Mixing Old and New: Tradition at Work in Modern Knitting
We invited Lisa Shroyer, editor of Interweave Knits, to tell us about the newest Spring issue.
I originally went to school to study historic preservation. I’ve always been fascinated by old buildings and how they continue to evolve, to reflect the uses and lives of the people who touch them. On one trip to Charleston, South Carolina, I visited several of the homes on the historic register. One home was being lived in by a family and had been renovated to fit their needs—a beautiful modern kitchen, contemporary furnishings, even their portraits painted into the ornate wooden panels of the ceiling in one room. The original slave passage and staircase at the back of the house served as a quick in-and-out path for the kids; their toys and shoes were tucked into the narrow turning stairwell.
Another home had been abandoned many decades earlier and the organization responsible for its care was deliberately allowing time to dismantle the property. They chose not to do any restoration work on it—the walls were peeling, plants had overgrown the courtyard, old and discolored furniture languished in solitary corners. The contrast of these two homes was so stark and moving—one property was evolving, surviving through continued adaptation, while one was a time capsule, not changing from its original genesis, and therefore dying. But it taught so many people about the past in so doing.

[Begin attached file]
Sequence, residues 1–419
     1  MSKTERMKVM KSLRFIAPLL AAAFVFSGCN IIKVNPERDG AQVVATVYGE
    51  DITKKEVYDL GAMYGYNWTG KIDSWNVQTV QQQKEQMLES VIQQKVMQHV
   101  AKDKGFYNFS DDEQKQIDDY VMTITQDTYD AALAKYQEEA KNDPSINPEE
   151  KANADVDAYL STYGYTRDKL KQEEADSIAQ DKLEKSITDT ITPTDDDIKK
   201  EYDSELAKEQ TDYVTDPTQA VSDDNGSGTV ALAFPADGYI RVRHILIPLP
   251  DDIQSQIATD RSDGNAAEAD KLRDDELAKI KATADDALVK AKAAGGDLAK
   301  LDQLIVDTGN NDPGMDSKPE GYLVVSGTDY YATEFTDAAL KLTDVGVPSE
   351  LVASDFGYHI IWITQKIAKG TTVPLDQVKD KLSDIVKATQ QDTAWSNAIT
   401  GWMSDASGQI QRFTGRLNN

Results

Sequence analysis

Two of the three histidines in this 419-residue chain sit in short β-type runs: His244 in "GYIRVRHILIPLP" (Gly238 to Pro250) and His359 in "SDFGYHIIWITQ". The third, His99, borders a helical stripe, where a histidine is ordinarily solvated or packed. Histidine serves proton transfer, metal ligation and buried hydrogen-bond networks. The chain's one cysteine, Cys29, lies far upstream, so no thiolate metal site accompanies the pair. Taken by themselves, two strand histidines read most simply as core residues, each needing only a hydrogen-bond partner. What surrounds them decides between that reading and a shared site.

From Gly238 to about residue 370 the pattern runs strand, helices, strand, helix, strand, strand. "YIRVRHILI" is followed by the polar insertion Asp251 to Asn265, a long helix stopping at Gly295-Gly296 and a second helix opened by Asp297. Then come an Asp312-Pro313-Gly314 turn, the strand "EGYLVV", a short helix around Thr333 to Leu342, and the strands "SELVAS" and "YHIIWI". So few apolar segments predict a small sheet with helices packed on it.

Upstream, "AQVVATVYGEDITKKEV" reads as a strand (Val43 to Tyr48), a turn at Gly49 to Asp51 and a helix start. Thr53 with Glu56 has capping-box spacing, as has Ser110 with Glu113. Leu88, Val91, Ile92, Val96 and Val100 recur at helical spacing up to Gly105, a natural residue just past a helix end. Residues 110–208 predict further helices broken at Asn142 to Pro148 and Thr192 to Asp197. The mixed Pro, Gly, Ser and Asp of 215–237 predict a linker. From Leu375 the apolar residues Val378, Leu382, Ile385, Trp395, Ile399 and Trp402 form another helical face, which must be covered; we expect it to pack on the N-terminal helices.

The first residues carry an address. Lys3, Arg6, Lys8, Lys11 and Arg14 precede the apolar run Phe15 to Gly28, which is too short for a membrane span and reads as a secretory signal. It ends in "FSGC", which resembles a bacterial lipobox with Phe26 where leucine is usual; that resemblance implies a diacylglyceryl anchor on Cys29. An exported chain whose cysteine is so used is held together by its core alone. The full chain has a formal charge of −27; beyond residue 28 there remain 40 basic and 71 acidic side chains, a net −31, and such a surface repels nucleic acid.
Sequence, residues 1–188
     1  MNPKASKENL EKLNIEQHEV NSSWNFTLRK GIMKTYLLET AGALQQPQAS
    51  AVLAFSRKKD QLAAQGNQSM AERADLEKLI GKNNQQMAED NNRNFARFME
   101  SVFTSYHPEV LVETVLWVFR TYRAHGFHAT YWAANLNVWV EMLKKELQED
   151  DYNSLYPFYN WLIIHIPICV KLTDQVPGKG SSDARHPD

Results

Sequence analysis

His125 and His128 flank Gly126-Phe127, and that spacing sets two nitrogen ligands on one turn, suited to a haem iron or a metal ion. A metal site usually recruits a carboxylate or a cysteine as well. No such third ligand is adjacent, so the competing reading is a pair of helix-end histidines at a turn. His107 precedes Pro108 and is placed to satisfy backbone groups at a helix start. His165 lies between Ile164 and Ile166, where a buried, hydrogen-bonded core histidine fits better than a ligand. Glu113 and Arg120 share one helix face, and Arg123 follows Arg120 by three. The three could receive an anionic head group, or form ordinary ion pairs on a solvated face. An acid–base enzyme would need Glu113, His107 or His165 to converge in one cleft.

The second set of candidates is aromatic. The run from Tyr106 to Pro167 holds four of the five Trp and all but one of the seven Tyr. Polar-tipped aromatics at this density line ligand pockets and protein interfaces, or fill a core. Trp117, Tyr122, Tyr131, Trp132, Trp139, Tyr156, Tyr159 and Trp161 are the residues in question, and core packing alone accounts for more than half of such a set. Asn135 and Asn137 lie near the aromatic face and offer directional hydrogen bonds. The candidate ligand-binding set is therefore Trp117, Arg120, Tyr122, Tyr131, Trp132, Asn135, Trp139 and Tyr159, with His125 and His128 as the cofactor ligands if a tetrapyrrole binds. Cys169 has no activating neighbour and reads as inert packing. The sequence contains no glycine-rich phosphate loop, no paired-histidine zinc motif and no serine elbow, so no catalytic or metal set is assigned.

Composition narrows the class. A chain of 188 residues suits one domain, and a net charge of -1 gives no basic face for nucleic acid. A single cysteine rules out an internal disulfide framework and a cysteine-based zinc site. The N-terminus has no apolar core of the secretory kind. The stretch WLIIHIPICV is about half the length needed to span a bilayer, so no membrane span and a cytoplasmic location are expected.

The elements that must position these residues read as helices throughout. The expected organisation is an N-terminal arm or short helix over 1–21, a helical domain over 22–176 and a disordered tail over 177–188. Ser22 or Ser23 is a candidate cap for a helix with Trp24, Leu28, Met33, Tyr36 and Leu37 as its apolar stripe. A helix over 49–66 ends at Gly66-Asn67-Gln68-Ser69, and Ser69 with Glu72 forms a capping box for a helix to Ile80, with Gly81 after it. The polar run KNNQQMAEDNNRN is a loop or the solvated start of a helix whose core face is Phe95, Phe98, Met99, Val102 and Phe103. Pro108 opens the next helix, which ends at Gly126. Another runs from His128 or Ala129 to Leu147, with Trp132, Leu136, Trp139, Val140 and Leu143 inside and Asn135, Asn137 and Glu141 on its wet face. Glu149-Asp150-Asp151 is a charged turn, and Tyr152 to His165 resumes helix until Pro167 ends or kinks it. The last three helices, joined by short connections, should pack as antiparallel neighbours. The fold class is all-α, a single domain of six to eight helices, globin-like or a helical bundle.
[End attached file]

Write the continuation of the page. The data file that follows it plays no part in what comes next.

Knitting is like architecture in so many ways. The traditions of our craft can be adapted and interpreted anew, or held to literally, maintaining a respect for the specific moments and cultures of their development. As editor of Interweave Knits, I am conscious of these tensions constantly. I like to mix old and new—in knit.wear magazine I get to look forward, working with designers who use the sticks and string to create new stitches, silhouettes, and styles.
In Interweave Knits, I get to profile people and ethnic traditions that remind us where we come from, like the profile of lace-master and frequent PieceWork contributor Galina Khmeleva in the Winter 2014 issue. Galina has made a career and life pursuit of researching and promoting the traditional Orenburg shawls of her native Russia. And I get to work with designers who refer to the past while creating designs that fit in contemporary life—like Kate Gagnon Osborn’s interpretation of the Icelandic lopapeysa sweater in the Spring 2014 issue.
The spring issue offers 5 designs that fit in the theme “New School”—projects that refer to some traditional type while being relevant, stylistically, to our present moment. Ganseys, Arans, heirloom shawls, Fair Isle sweaters, Nordic mittens, Andean chullos, Cowichan cardigans . . . we have so many fascinating traditions to pull from in this craft.
And like old buildings, we can add new paint colors, new wiring, throw down a new rug, and find comfort in the character of the past and the convenience of the future. Magazines like PieceWork and Interweave Knits offer us a chance to see where we come from, where we are, and where we want to go—a path to what is possible with our rich and varied creativity. It is all valuable, and if I might say so, fascinating.